This section provides some background information on how S3QL works internally. Reading this section is not necessary to use S3QL.
Like most unix filesystems, S3QL has a concept of inodes.
The contents of directory inodes (aka the names and inodes of the files and sub directories contained in a directory) are stored directly in a [http://www.sqlite.org SQLite] database. This database is stored in a special S3 object that is downloaded when the file system is mounted and uploaded periodically in the background and when the file system is unmounted. This has two implications:
Sockets, FIFOs and character devices do not need any additional storage, all information about them is contained in the database.
The contents of file inodes are split into individual blocks. The maximum size of a block is specified when the file system is created and cannot be changed afterwards. Every block is stored as an individual object in the backend, and the mapping from inodes to blocks and from blocks to objects is stored in the database.
While the file system is mounted, blocks are cached locally.
Blocks can also be compressed and encrypted before they are stored in S3.
If some files have blocks with identical contents, the blocks will be stored in the same backend object (i.e., the data is only stored once).
Instead of uploading every block, S3QL first computes a checksum (a SHA256 hash, for those who are interested) to check if an identical blocks has already been stored in an backend object. If that is the case, the new block will be linked to the existing object instead of being uploaded.
This procedure is invisible for the user and the contents of the block can still be changed. If several blocks share a backend object and one of the blocks is changed, the changed block is automatically stored in a new object (so that the contents of the other block remain unchanged).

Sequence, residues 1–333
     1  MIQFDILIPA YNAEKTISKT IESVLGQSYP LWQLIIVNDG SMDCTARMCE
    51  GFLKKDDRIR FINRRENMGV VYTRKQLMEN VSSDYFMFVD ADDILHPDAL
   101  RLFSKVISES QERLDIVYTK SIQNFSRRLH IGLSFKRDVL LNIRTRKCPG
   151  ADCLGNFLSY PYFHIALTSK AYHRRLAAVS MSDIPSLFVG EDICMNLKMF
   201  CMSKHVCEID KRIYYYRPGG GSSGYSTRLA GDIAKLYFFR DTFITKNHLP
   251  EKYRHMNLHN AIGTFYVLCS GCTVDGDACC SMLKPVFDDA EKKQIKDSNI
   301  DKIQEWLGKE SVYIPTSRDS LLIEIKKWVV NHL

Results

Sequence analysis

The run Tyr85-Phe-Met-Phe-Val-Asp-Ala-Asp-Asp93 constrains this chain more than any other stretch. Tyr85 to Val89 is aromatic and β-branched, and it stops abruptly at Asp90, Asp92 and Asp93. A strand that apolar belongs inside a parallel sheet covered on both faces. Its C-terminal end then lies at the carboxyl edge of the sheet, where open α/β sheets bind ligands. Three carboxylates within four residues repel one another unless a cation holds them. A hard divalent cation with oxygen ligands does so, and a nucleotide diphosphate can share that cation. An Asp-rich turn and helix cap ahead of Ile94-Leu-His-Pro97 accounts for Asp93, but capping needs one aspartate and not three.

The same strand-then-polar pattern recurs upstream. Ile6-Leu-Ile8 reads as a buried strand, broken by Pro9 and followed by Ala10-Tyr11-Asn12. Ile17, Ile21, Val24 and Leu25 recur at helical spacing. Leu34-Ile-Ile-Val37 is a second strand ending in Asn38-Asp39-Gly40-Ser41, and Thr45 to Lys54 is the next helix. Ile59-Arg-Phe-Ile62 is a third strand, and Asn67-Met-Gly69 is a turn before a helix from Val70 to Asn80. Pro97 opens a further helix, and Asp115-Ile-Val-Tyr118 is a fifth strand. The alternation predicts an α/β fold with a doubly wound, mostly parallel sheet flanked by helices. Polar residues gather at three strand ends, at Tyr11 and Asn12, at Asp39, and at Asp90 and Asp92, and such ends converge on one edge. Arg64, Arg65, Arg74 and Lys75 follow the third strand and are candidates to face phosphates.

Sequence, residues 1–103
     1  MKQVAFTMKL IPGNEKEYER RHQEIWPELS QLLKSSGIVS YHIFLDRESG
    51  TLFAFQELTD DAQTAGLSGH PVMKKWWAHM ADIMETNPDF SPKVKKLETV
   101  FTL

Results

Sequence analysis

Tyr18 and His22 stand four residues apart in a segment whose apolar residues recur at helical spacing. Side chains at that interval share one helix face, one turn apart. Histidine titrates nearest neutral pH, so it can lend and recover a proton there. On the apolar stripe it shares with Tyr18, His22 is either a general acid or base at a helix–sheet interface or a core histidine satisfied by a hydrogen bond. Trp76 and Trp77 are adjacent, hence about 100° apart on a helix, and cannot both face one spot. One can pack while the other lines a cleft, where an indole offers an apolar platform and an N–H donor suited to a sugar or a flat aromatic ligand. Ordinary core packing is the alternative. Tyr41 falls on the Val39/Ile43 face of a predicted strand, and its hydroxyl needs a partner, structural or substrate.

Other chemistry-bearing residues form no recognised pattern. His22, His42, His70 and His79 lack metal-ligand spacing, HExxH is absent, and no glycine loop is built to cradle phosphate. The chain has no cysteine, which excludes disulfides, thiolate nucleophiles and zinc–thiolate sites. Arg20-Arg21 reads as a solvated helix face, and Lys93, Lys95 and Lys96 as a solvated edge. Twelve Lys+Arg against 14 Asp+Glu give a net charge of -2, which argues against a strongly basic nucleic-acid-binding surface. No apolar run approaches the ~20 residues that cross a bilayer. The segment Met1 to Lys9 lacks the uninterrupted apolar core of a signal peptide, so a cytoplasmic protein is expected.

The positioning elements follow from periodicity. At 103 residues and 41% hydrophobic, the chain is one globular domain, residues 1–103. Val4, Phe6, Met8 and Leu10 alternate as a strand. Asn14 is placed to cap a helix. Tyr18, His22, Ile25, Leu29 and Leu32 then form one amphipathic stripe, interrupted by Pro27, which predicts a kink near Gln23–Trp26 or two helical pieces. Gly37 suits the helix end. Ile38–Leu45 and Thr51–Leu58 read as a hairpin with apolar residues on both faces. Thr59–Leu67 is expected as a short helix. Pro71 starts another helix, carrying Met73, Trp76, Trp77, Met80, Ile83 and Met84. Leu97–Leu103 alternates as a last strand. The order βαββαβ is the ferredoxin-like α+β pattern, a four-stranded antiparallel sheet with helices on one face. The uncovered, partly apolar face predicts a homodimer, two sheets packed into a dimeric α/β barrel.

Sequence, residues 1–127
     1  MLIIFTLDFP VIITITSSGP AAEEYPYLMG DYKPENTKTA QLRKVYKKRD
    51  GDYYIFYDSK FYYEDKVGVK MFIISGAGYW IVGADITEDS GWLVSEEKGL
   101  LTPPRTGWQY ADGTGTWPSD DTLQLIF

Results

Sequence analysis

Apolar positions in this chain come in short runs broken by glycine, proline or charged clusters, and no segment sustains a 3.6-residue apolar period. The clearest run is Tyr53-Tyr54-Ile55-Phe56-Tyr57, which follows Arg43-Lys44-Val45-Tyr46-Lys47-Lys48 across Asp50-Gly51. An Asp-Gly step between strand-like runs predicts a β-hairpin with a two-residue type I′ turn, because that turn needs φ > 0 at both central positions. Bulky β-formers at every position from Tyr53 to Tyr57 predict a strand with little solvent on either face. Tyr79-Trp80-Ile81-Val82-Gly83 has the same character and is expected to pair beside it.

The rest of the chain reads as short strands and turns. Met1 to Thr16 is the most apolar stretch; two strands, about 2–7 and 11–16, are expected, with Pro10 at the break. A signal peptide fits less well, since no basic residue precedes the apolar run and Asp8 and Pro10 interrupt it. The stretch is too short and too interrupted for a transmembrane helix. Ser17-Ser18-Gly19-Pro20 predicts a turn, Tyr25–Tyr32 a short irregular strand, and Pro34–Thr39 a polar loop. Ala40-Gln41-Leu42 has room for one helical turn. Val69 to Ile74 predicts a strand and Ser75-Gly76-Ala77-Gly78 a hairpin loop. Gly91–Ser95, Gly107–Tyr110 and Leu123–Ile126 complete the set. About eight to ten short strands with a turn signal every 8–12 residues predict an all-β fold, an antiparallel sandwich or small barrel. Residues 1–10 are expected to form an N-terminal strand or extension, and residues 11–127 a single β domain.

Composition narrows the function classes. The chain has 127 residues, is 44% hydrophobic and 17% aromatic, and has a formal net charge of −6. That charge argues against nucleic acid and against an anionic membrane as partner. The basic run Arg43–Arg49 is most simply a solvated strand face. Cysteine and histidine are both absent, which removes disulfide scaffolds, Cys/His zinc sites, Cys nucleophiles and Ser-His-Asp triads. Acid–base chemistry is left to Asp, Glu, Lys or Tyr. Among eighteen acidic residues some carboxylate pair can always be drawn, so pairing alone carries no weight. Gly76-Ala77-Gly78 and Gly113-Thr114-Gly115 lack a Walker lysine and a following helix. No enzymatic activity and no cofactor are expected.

When an application tries to read or write from a file, S3QL determines the block that contains the required part of the file and retrieves it from the backend or creates it if it does not yet exist. The block is then held in the cache directory. It is committed to S3 when it has not been accessed for more than 10 seconds. Blocks are removed from the cache only when the maximum cache size is reached.
When the file system is unmounted, all modified blocks are committed to the backend and the cache is cleaned.
S3QL has to take into account that changes in objects do not propagate immediately in all backends. For example, when an Amazon S3 object is uploaded and immediately downloaded again, the downloaded data might not yet reflect the changes done in the upload (see also http://developer.amazonwebservices.com/connect/message.jspa?messageID=38538)
For the data blocks this is not a problem because a data blocks always get a new object ID when they are updated.
For the metadata however, S3QL has to make sure that it always downloads the most recent copy of the database when mounting the file system.
To that end, metadata versions are numbered, and the most recent version number is stored as part of the object id of a very small “marker” object. When S3QL has downloaded the metadata it checks the version number against the marker object and, if the two do not agree, waits for the most recent metadata to become available. Once the current metadata is available, the version number is increased and the marker object updated.
When the file system is created, mkfs.s3ql generates a 256 bit master key by reading from /dev/random. The master key is encrypted with the passphrase that is entered by the user, and then stored with the rest of the file system data. Since the passphrase is only used to access the master key (which is used to encrypt the actual file system data), the passphrase can easily be changed.
Data is encrypted with a new session key for each object and each upload. The session key is generated by appending a nonce to the master key and then calculating the SHA256 hash. The nonce is generated by concatenating the object id and the current UTC time as a 32 bit float. The precision of the time is given by the [http://docs.python.org/library/time.html#time.time Python time() function] and usually at least 1 millisecond. The SHA256 implementation is included in the Python standard library.
Once the session key has been calculated, a SHA256 HMAC is calculated over the data that is to be uploaded. Afterwards, the data is compressed with the LZMA, [http://en.wikipedia.org/wiki/Bz2 Bz2 algorithm] or LZ and the HMAC inserted at the beginning. Both HMAC and compressed data are then encrypted using 256 bit AES in CTR mode. The AES-CTR implementation is provided by the [http://cryptopp.com/ Crypto++] library. Finally, the nonce is inserted in front of the encrypted data and HMAC, and the packet is send to the backend as a new S3 object.